Gas phase graphene forms as an aerosol in a microwave plasma among other carbon forms. Consisting of 2–6 sheets per stack with dimensions between 100 and 500 nm, it is referred to as nanographene (NG). Surprisingly, increasing H/C ratio in the feedstock increases the relative graphitic content of the product. Dependence of the different carbon forms upon H/C ratio of the gas feed mixture is shown across multiple analytical characterizations. Attributes of (a) phase quality (pristine nature of NG) and (b) phase quantity (how much NG forms relative to other carbon sp2 phases) are addressed. Phase identification of the forms is performed via transmission electron microscopy with quantification by thermogravimetric analysis, assessing their respective oxidative reactivity benchmarked to commercially available similar carbon products applied as standards. X-ray diffraction differentiates these forms based on varied extent of graphitic structure. Electron energy loss spectroscopy assesses graphitic content by the ratio of sp2/sp3 bonding. Raman spectroscopy supports the observed shift in relative proportions of the carbon forms towards preferential graphitic content with increasing H/C. Selected area diffraction illustrates this for NG. Fringe analyses of nanostructure quantifies this shift for carbon particles. Infra-red spectroscopy reveals complementary C–H bonding as a measure of graphitic quality.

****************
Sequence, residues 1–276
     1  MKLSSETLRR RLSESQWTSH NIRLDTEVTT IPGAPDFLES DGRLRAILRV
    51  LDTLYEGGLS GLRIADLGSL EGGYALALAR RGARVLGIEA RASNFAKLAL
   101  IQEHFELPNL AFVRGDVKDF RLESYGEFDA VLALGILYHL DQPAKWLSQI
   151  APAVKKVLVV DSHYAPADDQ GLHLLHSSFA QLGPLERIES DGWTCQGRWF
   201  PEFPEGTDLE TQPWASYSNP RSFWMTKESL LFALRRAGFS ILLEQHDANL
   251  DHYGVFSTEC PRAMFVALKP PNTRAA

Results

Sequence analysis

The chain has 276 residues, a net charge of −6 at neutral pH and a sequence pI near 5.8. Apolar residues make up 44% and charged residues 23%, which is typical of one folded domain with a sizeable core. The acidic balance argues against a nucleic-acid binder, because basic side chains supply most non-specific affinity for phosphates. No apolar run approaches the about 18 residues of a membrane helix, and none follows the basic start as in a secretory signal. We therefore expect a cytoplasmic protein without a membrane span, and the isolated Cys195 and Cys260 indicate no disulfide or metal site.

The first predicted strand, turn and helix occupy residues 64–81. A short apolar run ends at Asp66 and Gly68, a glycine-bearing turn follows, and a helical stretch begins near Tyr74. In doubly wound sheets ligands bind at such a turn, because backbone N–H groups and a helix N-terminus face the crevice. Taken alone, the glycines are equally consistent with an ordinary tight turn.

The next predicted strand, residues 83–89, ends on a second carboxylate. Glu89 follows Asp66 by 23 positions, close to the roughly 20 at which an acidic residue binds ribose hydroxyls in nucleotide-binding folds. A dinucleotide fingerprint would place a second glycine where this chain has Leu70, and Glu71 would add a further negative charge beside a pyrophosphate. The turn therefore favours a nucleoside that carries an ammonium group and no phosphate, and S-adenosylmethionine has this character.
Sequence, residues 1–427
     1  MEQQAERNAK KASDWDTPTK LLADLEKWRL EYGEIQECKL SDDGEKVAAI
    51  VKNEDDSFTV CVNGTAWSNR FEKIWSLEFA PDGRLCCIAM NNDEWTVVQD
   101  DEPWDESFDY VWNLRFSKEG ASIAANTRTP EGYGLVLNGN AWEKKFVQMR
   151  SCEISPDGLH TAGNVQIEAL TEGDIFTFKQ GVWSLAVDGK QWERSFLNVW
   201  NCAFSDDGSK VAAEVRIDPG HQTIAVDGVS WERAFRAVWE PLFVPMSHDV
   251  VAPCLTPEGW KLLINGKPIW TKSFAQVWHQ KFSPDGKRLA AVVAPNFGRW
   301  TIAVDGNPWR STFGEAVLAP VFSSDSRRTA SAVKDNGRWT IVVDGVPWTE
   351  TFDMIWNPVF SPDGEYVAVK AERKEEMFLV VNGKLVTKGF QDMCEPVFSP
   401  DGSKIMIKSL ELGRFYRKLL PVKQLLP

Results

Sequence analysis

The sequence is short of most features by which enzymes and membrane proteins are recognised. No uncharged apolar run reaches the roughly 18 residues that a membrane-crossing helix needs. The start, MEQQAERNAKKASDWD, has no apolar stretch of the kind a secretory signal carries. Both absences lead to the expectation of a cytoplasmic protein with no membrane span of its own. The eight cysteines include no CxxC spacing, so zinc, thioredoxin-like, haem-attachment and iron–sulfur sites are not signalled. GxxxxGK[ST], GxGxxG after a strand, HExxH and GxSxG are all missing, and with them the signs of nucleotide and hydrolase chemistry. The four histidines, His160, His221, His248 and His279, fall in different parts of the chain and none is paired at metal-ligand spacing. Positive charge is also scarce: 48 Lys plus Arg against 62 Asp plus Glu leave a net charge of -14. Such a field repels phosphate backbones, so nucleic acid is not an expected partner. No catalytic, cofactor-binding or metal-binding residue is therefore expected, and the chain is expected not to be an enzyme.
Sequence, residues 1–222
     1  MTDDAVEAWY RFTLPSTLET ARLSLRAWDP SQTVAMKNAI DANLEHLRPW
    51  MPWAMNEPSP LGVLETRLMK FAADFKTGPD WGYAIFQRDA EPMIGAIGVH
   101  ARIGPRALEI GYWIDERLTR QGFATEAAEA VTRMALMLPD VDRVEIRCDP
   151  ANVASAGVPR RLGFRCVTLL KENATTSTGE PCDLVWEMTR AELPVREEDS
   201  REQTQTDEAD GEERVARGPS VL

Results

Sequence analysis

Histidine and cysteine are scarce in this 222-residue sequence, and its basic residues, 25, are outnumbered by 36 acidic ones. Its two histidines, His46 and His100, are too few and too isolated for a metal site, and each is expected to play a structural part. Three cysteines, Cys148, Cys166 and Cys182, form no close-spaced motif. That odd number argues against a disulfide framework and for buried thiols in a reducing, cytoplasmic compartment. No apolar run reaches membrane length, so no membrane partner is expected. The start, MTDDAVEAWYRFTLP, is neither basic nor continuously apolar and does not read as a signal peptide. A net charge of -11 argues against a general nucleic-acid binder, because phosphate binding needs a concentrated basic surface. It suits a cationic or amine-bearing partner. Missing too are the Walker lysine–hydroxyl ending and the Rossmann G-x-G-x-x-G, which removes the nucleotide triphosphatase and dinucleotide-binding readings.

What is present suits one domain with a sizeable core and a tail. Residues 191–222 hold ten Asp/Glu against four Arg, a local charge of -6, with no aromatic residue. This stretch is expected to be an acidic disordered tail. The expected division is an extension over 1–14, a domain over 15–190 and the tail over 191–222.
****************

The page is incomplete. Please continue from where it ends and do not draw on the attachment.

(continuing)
All Science Journal Classification (ASJC) codes
- Materials Science(all)